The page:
Karditsas plays its first game of the 2022-23 season Saturday when it faces AEK. And so far, Boeheim feels like things have gone about as smoothly as he could have hoped.

“Obviously, I’ve been adjusting to living in a different country, but it’s been great. I live in a relatively smaller city in Greece, which has made the adjustment easier, not having to worry about having to get around in a bigger city,” he said in a Wednesday phone conversation. “Basketball has been great, too. I think I’ve learned a lot. The game’s a little bit different here. So yeah, I think I’m settling in nicely.”

Boeheim, who played three seasons at Cornell before finalizing his college career in Syracuse last season, said he’s been slotted into the power forward position, which in Europe mostly means he occupies the stretch four spot.

Last season, he shot a college career-best .379 from the 3-point line. He took 95 shots from that distance and converted 36 of them on a team that put four legitimate 3-point threats on the floor.

That evolution in his game (he was a career .298 3-point shooter at Cornell) speaks to the work he put in to improve his jump shot and to his attractiveness to European teams that covet big men who can shoot.
...


Other

MRW7ADY57NFBHGRL5GQHTOOHYI.jpg

The site that once held a car wash and dry cleaners. It has been vacant for 10 years. (Elizabeth Doran|edoran@syracuse.com)

A key spot on a CNY village’s main drive has been empty for a decade. See who plans to move in (PS; $; Doran)


When the former Village Cleaners building in Fayetteville and the car wash next to it closed in 2012, proposals for what to do with the property started to surface.

The property, at 129 W. Genesee St. and Highbridge Road in Fayetteville, is a busy intersection. Plans for a Dunkin’ Donuts, a Walgreens and a mixed-use building with apartments and a restaurant never materialized.

Now, a car wash chain plans to redevelop four parcels into one parcel and construct a 5,500-square-foot building to house a Splash Car Wash.

DDS Engineers submitted the application for the automatic car wash in May and village planners have been reviewing the site plan since July.

The drive-thru car wash would also have vacuum stations.

A public hearing held earlier this week drew only two people. The next step is getting site approval from planners.

Splash Car Wash, based in Milford, Conn., operates more than 40 locations throughout Connecticut and Vermont. It employs more than 500 people and washes over 1 million cars a year.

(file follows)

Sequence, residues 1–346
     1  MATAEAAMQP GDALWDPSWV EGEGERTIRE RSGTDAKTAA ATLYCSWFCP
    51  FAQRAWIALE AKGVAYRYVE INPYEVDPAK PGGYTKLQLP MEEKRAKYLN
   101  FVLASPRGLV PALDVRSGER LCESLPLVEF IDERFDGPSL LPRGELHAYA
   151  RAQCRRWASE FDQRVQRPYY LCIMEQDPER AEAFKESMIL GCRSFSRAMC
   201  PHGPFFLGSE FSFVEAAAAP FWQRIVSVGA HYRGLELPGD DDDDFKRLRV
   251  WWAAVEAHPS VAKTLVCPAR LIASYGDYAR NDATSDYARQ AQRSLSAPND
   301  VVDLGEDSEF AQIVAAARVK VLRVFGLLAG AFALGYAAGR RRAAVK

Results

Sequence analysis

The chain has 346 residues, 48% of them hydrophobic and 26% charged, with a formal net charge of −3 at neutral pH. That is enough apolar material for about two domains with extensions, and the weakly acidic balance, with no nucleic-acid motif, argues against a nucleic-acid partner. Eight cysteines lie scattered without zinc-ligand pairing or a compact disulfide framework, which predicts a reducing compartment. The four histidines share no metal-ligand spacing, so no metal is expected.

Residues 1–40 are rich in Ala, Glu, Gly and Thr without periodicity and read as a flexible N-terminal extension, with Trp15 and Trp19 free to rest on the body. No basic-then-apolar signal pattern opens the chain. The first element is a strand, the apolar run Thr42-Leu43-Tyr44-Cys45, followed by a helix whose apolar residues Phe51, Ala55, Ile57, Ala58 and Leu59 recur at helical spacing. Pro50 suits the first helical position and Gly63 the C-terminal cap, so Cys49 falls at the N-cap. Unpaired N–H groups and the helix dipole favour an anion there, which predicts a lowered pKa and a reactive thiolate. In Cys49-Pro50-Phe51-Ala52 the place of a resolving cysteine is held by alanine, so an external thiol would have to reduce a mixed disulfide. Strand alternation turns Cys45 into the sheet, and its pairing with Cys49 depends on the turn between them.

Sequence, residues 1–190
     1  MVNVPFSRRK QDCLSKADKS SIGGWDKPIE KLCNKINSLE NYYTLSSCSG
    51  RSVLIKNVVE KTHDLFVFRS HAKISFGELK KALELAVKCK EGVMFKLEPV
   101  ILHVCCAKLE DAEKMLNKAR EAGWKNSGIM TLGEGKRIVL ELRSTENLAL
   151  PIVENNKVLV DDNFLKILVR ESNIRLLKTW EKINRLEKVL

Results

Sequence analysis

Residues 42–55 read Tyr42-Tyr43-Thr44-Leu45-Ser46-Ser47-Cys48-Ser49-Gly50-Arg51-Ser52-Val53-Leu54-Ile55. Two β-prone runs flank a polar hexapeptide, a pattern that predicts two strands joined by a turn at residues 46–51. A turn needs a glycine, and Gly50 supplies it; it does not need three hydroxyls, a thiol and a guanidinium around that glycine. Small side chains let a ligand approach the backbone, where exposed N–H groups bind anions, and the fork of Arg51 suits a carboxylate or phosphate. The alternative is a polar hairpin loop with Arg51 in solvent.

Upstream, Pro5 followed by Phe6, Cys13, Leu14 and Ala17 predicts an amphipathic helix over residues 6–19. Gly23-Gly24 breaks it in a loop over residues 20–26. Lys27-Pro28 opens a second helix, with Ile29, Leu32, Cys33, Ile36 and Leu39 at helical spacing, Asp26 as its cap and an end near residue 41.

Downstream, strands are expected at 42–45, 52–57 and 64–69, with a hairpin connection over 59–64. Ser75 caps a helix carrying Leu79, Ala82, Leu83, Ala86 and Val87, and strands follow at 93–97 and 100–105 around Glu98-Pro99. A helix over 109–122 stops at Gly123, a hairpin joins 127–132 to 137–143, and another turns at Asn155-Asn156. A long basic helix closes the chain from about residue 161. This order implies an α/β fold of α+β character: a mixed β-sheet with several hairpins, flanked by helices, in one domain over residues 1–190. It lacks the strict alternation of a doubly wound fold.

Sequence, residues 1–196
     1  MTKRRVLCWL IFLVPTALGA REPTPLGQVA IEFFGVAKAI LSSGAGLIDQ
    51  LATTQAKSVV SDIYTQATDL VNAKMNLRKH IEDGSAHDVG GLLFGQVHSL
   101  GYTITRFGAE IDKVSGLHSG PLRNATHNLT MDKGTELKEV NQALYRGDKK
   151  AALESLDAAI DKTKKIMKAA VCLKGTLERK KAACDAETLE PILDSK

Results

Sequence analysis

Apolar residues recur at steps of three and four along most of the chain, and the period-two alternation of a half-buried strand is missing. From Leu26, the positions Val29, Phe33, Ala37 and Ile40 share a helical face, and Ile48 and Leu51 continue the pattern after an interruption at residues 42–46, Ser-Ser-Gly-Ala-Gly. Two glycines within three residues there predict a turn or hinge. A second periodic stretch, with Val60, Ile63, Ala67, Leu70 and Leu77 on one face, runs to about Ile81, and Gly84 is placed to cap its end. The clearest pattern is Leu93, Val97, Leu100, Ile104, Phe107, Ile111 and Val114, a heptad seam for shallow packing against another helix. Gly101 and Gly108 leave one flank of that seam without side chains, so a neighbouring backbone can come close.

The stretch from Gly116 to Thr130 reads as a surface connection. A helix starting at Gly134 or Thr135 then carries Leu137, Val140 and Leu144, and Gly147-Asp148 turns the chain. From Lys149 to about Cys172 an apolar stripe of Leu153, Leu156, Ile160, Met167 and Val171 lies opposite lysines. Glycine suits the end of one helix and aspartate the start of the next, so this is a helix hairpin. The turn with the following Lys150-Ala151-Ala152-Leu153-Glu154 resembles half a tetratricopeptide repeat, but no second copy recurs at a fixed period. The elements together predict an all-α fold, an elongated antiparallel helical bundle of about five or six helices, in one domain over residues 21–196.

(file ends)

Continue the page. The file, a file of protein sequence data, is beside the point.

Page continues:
721Comstock

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Sheesh, it’s like some of these people posting stories on the Interwebs, don’t realize they can search the Interwebs to answer their own questions…. :rolleyes:

The frame concerns are going to play a factor on both sides of the court. The ones more rooted in Syracuse basketball history can correct me, but I don’t remember too many players that were as short as 6-foot-6 that played at the bottom of the zone.


OK, how about:
(just off the top of my head)
Elijah Hughes
Mali Richardson
Silent G
Paul Harris
Andy Rautins
And the GOAT - Stevie Thompson.

And if you increase that to 6’7”
(I don’t think 1” of height does something magical to a Forwards abilities to play the wing in the 2-3 zone), then you can add some recent greats like:
Wes
CJ
KrisJo
Uncle Drew
(Yeah, some of these guys may have “officially” been listed at 6’8”, but that’s with shoes on)

I don’t think JTaylor being 6’6” will limit his ability to play the 3, if called upon to do so.
And he seems like a more athletic version of Buddy, so I think he should end up being a better defender.
 

Orangezoo

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Sheesh, it’s like some of these people posting stories on the Interwebs, don’t realize they can search the Interwebs to answer their own questions…. :rolleyes:




OK, how about:
(just off the top of my head)
Elijah Hughes
Mali Richardson
Silent G
Paul Harris
Andy Rautins
And the GOAT - Stevie Thompson.

And if you increase that to 6’7”
(I don’t think 1” of height does something magical to a Forwards abilities to play the wing in the 2-3 zone), then you can add some recent greats like:
Wes
CJ
KrisJo
Uncle Drew
(Yeah, some of these guys may have “officially” been listed at 6’8”, but that’s with shoes on)

I don’t think JTaylor being 6’6” will limit his ability to play the 3, if called upon to do so.
And he seems like a more athletic version of Buddy, so I think he should end up being a better defender.

Not to mention I'll wager he is a solid 6-7 or even a little taller having seen him a few times in person walking with Maliq.

Kid has a solid frame that resembles an upperclassman so that whole write up was a little odd.